Sam Craft/Associated Press
Xavier McKinney, S, Alabama
Strengths: Play diagnosis, preparation, versatility
Weaknesses: Dive-stick tackling
Another draft, another Alabama safety. 
Each Alabama safety, from Eddie Jackson to Landon Collins to Ha Ha Clinton-Dix to Minkah Fitzpatrick to Mark Barron to McKinney, is unique in his own way. Barron was a linebacker hybrid, Fitzpatrick a cornerback hybrid, Collins a traditional box safety and so forth. Yet each is fundamentally the same: They all have tremendous instincts and anticipation skills thanks to their Nick Saban tutelage, they all play fast (even if their 40 times don’t reflect it), and they all have at least some usefulness at all three levels, from pass-rusher to underneath defender to center fielder.
McKinney thrives as a deep safety, where he diagnoses pass routes swiftly and gets a great break on the ball in the air. He’s also a lethal situational blitzer. His biggest weakness is one he shares with Clinton-Dix: a tendency to come in too hot and whiff on open-field tackles. He also may not be the best matchup defender against speedsters hiding in the slot.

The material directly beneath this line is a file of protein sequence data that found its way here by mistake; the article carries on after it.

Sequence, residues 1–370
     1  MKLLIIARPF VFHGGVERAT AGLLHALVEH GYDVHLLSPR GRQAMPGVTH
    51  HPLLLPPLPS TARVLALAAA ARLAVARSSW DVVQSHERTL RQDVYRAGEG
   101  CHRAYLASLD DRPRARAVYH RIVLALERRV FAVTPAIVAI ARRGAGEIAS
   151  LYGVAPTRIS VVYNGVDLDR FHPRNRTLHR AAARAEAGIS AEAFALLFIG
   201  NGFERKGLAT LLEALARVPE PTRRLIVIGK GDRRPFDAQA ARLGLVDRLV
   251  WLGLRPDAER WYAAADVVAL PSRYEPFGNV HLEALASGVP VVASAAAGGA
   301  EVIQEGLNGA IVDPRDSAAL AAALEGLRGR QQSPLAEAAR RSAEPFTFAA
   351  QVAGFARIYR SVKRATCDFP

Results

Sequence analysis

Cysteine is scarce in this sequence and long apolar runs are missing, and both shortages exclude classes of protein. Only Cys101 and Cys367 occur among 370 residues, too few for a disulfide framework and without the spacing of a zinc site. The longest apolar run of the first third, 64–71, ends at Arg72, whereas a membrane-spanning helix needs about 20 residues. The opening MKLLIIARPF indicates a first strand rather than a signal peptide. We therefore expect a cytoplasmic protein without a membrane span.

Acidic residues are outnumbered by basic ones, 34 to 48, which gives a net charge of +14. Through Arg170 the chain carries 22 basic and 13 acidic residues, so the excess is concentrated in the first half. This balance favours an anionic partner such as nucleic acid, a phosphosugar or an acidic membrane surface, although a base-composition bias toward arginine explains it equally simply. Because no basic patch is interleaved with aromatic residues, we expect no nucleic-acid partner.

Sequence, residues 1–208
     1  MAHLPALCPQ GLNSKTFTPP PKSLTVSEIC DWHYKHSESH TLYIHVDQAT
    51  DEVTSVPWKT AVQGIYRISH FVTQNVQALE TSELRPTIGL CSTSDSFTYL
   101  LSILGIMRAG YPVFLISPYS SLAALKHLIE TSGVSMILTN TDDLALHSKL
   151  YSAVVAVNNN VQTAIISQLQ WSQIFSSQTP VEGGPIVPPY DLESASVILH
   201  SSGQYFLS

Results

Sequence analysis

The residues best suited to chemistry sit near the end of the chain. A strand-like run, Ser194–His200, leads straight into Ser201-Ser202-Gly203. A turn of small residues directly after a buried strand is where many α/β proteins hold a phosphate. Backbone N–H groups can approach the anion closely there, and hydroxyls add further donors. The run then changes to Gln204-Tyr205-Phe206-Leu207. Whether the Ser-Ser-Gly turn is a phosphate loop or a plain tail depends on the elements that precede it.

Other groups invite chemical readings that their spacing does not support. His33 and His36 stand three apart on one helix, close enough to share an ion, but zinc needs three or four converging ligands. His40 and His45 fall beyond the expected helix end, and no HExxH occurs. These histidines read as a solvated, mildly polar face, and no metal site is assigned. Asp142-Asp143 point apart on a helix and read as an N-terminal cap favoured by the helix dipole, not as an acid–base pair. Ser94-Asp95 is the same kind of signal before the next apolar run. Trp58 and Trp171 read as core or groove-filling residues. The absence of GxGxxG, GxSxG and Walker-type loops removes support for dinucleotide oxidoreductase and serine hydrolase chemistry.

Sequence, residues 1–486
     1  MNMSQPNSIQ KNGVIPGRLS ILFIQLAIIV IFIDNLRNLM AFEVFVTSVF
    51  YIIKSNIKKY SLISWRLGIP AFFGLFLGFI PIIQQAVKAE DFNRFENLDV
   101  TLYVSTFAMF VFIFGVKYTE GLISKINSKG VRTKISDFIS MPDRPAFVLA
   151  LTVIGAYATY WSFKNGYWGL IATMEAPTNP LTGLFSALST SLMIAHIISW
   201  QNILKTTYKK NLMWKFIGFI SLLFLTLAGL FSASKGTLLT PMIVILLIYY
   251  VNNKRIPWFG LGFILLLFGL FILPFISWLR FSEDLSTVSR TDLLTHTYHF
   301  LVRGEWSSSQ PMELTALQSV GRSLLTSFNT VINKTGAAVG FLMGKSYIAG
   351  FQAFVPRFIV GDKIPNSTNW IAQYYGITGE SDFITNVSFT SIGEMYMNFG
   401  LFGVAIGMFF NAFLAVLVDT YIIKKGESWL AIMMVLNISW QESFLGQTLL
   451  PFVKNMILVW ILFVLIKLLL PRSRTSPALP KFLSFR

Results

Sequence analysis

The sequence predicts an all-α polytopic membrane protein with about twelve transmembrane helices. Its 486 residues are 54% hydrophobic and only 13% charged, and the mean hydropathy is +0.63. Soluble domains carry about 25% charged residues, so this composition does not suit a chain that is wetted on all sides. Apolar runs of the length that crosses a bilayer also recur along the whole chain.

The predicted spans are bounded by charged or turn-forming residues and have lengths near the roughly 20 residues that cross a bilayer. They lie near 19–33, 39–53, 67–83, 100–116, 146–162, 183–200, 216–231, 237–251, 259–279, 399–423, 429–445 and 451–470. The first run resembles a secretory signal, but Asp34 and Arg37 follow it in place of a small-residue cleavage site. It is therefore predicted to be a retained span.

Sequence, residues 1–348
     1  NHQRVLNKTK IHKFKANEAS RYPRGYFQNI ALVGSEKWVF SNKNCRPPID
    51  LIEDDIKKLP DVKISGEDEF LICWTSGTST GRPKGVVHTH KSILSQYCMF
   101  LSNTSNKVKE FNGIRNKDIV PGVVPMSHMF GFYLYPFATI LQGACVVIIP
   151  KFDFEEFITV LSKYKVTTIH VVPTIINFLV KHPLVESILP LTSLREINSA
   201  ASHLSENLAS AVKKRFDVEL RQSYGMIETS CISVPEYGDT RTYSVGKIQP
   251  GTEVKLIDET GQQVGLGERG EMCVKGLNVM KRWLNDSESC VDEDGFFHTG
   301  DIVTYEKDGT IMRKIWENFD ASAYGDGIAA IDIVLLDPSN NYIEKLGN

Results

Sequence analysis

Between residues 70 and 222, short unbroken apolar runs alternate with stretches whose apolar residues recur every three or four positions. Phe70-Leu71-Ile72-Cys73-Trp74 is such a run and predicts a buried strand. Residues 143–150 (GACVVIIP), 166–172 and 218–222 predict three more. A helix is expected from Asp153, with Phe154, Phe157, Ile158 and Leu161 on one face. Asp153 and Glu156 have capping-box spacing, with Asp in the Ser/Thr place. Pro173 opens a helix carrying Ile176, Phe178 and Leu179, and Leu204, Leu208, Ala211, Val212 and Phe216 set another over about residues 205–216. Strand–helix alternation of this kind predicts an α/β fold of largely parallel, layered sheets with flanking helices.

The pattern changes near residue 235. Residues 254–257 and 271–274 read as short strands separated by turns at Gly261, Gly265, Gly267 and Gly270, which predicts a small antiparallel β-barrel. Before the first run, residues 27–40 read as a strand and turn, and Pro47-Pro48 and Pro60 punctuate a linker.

As the list above illustrates, Alabama safeties usually have productive careers as NFL starters. McKinney should be no exception. 
The Giants ranked 31st in the NFL at defending deep passes, according to Football Outsiders. Antoine Bethea (now a free agent) looked like he was running in quicksand, rookie Deandre Baker simply wasnt ready to play, and it may turn out that Jabrill Peppers true position really is “athlete.” Newcomer James Bradberry, a year of experience for Baker and a nice retirement party for Bethea should help. But so should reinforcements like McKinney in the secondary. This is a safe selection of a player who slid a little bit. 
Grade: A